We’ve started the process of redesigning the site – this will eventually replace the old design which we’ve had in place for the last 6 years or so. It’s definitely not going to be an overnight roll-out, I’d hope to have it completed by August 2020. The logged-out sections will be the first to be rebuilt, followed by the members’ areas.
If you spot any issues while the site is being redeveloped, please let us know. Thanks.
The minimum legal wage for an au pair, and all other workers, is to rise by 25c, from €9.55 per hour, to €9.80 per hour from January 2019.
This increase was recommended by the Low Pay Commission, and accepted by the Cabinet yesterday.
This minimum wage increase will apply to all childcare workers, including live-in and live-out au pairs employed in Ireland, following the court ruling in 2016 which recognised au pairs as employees.
However host families who host live-in au pairs will still be entitled to deduct the standard €54.13 per week (or €7.73 per day) Food & Board allowance. Our au pair salary calculator will be updated once this new wage comes into effect.
Posting your advert is your first step to finding your new au pair. We’ve added a checklist below, to help you maximise the impact of your advert, and attract more jobseekers. Continue reading Your Au Pair job advert checklist – getting more applicants for your job
The Low Pay Commission have just released their review of Food & Board rates report.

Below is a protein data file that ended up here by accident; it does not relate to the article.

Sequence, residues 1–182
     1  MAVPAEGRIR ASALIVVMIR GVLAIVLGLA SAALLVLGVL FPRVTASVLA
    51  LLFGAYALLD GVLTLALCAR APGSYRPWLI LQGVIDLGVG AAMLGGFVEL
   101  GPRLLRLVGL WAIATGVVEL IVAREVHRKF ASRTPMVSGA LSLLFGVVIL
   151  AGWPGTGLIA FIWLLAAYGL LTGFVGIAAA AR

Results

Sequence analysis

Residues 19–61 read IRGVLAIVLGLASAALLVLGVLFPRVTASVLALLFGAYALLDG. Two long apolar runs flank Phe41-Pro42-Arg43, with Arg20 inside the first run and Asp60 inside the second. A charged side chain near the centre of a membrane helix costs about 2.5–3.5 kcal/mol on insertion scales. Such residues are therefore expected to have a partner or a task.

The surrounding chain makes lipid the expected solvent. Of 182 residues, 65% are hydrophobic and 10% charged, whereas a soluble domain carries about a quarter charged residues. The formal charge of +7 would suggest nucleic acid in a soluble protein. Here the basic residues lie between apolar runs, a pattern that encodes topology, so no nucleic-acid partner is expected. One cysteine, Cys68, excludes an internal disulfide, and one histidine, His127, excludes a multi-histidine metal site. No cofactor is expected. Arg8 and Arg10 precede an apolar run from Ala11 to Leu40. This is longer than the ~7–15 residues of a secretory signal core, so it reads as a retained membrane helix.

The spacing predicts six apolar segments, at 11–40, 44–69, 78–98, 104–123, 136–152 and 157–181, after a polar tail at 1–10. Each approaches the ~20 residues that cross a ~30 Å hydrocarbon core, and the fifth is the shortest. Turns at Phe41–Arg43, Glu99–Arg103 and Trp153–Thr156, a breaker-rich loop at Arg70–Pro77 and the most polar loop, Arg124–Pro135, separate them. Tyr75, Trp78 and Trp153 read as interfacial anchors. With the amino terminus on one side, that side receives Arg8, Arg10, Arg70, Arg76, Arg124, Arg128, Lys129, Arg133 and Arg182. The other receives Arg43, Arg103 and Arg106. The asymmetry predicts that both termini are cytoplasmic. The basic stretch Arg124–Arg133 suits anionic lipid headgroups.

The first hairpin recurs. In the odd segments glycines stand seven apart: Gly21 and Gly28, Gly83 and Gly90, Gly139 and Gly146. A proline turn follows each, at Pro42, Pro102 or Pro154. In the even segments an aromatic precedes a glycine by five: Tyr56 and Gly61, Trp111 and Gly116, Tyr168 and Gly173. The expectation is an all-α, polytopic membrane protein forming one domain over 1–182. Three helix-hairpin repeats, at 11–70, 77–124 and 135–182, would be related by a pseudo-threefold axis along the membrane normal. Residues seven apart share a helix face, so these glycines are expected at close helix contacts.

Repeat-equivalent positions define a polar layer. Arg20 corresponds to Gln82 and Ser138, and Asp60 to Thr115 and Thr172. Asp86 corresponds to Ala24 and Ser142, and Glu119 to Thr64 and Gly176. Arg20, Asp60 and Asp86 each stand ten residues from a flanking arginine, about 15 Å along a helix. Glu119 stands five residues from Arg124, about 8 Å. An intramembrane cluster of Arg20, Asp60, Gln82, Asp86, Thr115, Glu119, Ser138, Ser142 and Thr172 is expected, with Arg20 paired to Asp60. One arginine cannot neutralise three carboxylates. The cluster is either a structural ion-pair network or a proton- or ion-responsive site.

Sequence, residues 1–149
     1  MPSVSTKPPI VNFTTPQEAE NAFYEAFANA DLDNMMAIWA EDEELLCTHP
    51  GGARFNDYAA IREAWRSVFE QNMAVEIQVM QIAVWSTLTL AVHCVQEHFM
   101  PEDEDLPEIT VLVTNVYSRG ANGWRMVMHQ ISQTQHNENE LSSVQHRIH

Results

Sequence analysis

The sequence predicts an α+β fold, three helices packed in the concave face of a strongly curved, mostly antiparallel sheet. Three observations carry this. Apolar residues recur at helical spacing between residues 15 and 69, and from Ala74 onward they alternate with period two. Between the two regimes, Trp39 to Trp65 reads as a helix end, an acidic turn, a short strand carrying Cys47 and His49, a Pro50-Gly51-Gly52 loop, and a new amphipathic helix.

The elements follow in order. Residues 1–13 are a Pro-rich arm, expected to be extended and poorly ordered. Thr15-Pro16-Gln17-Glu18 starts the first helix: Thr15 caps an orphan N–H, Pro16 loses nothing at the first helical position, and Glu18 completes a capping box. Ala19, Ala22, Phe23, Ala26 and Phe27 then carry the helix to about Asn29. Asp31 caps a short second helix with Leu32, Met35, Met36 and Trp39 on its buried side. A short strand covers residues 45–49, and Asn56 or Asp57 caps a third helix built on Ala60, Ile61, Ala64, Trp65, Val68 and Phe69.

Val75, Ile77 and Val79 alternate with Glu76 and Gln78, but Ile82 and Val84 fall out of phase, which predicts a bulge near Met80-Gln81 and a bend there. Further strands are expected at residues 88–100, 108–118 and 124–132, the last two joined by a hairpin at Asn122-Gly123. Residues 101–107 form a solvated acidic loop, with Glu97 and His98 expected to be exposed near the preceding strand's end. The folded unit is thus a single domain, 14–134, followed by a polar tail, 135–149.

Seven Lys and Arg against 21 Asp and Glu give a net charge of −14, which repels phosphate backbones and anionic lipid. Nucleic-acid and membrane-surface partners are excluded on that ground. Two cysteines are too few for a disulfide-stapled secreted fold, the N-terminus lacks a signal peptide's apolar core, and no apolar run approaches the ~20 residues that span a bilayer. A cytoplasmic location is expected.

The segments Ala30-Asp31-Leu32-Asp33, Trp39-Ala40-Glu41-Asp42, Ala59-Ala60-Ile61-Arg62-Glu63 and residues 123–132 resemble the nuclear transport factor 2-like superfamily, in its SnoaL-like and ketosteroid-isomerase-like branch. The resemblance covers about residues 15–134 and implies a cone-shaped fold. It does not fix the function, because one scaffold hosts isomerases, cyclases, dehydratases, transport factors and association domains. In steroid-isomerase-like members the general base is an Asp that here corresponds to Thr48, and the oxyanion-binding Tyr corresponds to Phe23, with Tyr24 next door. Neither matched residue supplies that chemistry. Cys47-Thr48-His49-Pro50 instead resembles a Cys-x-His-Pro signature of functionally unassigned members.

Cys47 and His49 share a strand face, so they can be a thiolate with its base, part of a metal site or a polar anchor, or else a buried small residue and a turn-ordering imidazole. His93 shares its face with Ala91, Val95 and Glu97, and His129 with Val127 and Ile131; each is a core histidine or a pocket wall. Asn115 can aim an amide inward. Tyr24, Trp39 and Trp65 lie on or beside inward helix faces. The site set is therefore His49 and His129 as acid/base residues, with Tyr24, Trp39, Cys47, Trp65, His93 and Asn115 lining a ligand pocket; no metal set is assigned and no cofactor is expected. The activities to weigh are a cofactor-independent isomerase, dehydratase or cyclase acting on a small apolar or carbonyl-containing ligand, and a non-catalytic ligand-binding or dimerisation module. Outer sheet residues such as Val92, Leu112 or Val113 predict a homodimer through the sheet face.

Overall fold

The review was commissioned by Minister for Employment and Small Business Pat Breen T.D. Continue reading Low Pay Commission Release Food & Board report
Traditionally the role of an au pair would have involved between 20 and 25 hours work per week, with occasional paid babysitting duties. However in early 2016 a Workplace Relations Commission ruling recently recognised au pairs as employees, which instilled on them, the same rights and expectations as Continue reading Au Pair Working Hours in Ireland
We’ve put together a list of some interview questions you might find handy, when looking for your perfect au pair. They cover a wide range of topics including travelling, personal life, driving and working.
You’ll also find a link, at the bottom of the page, which allows you to download and print these questions, to have with you during the interview. Continue reading Au pair Interview questions
Establishing written house rules and guidelines is a very important part in the hiring process of your au pair. Establishing rules and guidelines can help both you and your au pair avoid misunderstandings, and sources of possible conflict.
Rules and guidelines will vary from home to home, but the following are some you might want to address:
- Set a day-by-day timetable, including start time, finish time, and what days the au pair has off
- Babysitting – how often it would be expected, and is it included in the au pair’s base pay. If it is not included in their base pay, how much will you be paying your au pair for the service